Readers write about how President Obama can improve the US's relationship with Iran, why theocracy is a major threat to freedom of speech, and why illegal immigration should not be romanticized.
How Obama can change the US-Iran dynamic
Regarding the April 1 article, "Clinton says US met with Iran delegate": President Obama used the occasion of the Persian New Year to reach out last week to the Iranian government, offering in a video message a new era of "engagement that is honest and grounded in mutual respect."
Change in America's Iran policy is much needed and long overdue. Yet, that change is not conceivable without understanding the dynamics of Iranian politics. Every US president since Jimmy Carter has sought a coherent Iran policy and has been interested in negotiations with this regime. But all have failed for one reason or another.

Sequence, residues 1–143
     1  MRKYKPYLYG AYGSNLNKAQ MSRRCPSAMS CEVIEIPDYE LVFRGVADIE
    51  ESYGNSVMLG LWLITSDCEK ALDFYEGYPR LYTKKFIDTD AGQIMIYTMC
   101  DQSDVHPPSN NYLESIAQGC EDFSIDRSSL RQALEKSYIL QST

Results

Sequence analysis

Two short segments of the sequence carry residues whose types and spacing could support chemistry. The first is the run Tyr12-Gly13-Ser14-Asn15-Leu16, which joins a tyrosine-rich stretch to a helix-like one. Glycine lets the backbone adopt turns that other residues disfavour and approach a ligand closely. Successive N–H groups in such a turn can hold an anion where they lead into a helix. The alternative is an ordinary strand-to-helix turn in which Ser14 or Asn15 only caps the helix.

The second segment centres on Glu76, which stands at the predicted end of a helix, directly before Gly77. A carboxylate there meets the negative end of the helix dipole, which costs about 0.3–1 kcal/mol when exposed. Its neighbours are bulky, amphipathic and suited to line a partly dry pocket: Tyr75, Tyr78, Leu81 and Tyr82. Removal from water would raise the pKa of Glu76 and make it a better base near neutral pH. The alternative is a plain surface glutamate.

Iran observers generally acknowledge that there are two Irans: the one of octogenarian mullahs and the one in vibrant cities. And these two Irans are worlds apart.
As long as Iran remains synonymous with the fundamentalist regime that rules it, US policy options are very limited: more concessions or military action, both of which are doomed to failure.
But how can the US reach out to the Iranian people? The key to such change is the administration's approach to the mullahs and their main opposition, the Mujahedin-e Khalq (MEK).